Warren Cariou is a writer and Professor of English at the University of Manitoba. He received a BA(Hons) from the University of Saskatchewan and an MA and PhD from the University of Toronto (1998). In 1999 he published a book of short stories: The Exalted Company of Roadside Martyrs with Coteau Books. This was followed up in 2002 with his memoir Lake of the Prairies, which gained him a wider audience. It won the 2002 Drainie-Taylor Prize for Biography and was shortlisted for the Charles Taylor Prize. In 2005 he served on the jury for the prestigious Scotiabank Giller Prize. He is currently working on a novel titled Exhaust.
Warren was one of three featured authors in Coming Attractions '95, and has had short stories appear in Stag Line: Stories by Men and Due West, both published by Coteau Books. As well, his fiction was awarded a CBC Literary Competition Prize in 1991.
Warren was awarded a 2008 Fulbright Visiting Chair Award. Canada-U.S. Fulbright Visiting Research Chairs are awarded to prominent Canadian and American scholars who wish to conduct research, work with faculty and graduate students, and if they choose, offer guest lectures and teach while at select American and Canadian universities. Dr. Cariou undertook his studies at Arizona State University (ASU) from January to July 2009. Among other things, he worked on his novel-in-progress, The Hummingbird Cloak, which is partly set in the American southwest.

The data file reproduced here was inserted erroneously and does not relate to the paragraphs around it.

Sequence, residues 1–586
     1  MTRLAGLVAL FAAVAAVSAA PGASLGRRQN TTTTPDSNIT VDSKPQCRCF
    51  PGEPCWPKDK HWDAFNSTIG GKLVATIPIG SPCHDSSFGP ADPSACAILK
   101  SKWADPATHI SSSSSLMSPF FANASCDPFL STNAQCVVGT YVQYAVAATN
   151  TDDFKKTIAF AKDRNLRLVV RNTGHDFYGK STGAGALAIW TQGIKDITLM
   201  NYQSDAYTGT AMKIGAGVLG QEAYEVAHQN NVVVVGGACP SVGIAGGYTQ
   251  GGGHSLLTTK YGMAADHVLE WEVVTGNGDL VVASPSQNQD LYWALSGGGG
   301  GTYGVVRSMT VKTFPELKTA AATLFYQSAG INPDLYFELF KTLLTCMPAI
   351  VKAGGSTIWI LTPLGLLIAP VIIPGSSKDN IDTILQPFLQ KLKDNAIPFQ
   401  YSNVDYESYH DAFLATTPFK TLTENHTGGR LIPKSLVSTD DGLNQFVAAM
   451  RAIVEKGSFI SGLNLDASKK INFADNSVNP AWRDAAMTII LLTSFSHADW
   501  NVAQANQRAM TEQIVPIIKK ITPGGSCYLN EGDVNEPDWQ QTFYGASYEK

In 2008, Warren was awarded a Canada Research Chair in Narrative, Community and Indigenous Cultures.
In conjuction with Neil McArthur, Warren released a documentary film in 2009 entitled Land of Oil and Water.
Warren grew up on a farm near Meadow Lake, Saskatchewan, a place he describes beautifully in Lake of the Prairies. He has worked as a construction labourer, a technical writer, and a political advisor. He now teaches Aboriginal Literature at the University of Manitoba.